Henderson, Desirée. “The Imperfect Dead: Mourning Women in Eighteenth-Century Oratory and Fiction.” Early American Literature 39.3 (2004): 487-509.
Henderson looks at the way that fallen women were eulogized in the early republic. She discussed the form and function of the funeral sermon arguing that the sentimental novel stepped in and eulogized women who the spiritual leaders of the time could not.
Henderson does this by looking at the shift in Puritan influence. The moving ideas toward an embracing of individualism that came after the Revolution. She lays out the style and content of the religious funeral sermon of the time, then moves to Brown, Rowson, and Foster as examples of novels that, she argues, debates with what can be said about fallen and disgraced women. The seduction novel becomes the antithesis to the funeral sermon. Where women are told to imitate the pious women of the sermon, they are told never to be like the women of the novels. Yet, it also allows the reader to mourn in, where as the sermon allows no mourning for a woman who is going on to a wonderful reward. As the pious woman funeral sermon dies away, the sentimental novel continues to gain readers.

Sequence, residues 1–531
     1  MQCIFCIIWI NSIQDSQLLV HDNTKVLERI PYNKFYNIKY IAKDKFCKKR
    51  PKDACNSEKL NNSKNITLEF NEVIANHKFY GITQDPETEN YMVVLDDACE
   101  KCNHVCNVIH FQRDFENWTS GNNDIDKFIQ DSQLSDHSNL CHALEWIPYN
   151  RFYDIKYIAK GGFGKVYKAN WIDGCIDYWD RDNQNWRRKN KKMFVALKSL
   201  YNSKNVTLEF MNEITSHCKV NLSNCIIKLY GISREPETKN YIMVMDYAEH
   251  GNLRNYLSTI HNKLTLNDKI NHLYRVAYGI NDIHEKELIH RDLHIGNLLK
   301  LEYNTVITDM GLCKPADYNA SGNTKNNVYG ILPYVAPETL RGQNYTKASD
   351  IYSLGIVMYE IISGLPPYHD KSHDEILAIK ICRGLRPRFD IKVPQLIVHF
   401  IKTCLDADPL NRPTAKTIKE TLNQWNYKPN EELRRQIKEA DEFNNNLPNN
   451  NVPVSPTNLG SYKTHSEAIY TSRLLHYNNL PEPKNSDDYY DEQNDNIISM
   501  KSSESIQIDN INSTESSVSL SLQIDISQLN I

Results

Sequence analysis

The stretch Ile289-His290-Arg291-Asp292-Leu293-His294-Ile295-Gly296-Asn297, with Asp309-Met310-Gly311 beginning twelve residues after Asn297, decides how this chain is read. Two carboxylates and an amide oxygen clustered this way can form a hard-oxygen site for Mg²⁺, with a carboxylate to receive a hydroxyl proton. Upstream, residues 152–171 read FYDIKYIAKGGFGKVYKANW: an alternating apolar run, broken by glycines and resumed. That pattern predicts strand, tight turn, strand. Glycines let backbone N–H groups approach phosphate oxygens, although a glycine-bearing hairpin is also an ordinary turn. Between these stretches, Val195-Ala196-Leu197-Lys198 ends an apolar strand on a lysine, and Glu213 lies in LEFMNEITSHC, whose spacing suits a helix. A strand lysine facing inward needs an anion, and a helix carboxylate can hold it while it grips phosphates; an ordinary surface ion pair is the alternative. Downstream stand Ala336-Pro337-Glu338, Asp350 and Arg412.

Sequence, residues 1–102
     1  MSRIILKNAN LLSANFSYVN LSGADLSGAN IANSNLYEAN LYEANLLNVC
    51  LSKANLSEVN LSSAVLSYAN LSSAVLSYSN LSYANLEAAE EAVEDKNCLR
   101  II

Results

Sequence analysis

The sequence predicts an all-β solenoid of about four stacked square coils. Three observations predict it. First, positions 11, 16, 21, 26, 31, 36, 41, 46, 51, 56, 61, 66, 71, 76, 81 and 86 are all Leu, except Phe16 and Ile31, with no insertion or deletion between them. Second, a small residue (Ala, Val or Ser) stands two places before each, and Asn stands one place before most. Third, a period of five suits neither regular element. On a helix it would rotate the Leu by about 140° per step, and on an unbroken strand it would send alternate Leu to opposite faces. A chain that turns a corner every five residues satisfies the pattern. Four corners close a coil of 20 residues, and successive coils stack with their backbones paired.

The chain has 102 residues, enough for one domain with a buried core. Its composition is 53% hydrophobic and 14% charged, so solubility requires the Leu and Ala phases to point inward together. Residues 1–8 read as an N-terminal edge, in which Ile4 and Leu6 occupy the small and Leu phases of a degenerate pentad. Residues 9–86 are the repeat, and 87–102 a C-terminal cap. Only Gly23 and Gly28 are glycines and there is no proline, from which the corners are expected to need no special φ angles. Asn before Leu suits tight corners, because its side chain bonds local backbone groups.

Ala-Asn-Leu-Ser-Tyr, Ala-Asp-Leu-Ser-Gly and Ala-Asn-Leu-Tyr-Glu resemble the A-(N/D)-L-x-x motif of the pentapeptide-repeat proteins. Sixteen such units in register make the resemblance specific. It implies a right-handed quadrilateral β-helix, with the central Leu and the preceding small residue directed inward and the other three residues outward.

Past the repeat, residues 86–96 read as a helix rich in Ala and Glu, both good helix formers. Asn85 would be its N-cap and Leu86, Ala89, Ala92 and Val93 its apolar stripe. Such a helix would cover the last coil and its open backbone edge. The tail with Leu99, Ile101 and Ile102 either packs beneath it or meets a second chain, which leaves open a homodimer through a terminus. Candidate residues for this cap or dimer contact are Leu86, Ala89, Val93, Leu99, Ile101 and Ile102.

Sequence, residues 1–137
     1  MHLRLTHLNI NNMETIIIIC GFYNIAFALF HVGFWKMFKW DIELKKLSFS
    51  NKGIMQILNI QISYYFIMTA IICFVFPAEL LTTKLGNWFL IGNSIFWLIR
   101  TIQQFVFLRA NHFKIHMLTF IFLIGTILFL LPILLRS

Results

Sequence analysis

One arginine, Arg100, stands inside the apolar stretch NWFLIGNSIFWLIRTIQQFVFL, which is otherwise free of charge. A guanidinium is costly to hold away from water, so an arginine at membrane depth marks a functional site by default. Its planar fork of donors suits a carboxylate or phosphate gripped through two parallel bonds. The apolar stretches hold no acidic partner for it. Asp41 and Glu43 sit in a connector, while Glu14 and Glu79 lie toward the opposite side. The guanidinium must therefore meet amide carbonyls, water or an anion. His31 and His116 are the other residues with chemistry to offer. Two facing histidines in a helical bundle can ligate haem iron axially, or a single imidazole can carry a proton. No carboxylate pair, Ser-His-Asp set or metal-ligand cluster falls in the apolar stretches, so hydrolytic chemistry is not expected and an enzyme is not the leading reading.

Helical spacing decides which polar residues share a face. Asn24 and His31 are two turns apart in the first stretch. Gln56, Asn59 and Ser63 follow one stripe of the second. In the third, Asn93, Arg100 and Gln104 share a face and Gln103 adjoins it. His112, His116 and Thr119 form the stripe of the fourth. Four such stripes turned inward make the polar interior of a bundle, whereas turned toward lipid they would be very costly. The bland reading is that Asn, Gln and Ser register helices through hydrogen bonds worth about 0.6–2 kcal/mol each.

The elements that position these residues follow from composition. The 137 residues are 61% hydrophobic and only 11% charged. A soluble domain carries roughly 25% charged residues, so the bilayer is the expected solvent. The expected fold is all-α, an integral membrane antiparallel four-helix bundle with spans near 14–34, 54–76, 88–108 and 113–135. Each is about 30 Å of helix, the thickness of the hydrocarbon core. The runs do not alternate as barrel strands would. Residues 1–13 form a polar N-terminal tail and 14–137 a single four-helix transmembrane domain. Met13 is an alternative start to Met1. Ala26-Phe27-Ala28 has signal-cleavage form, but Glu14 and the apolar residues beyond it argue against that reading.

The author has a strong argument, looking at the emotional and “car wreck” appeal of the seduction novel to show how it replaced the funeral sermon as a place where women could gain and debate their own ideas of womanhood.
Bib of Note:
Elliot, Emory. "The Development of the Puritan Funeral Sermon and Elegy: 1660-1750." Early American Literature 15.2 (Fall 1980) 151-64.
Engebretsen, Terry. "Being Dead She Yet Lives: The Rhetorical Work of America's First Funeral Sermon." Studies in Puritan American Spirituality 6 (Dec. 1997): 25-43.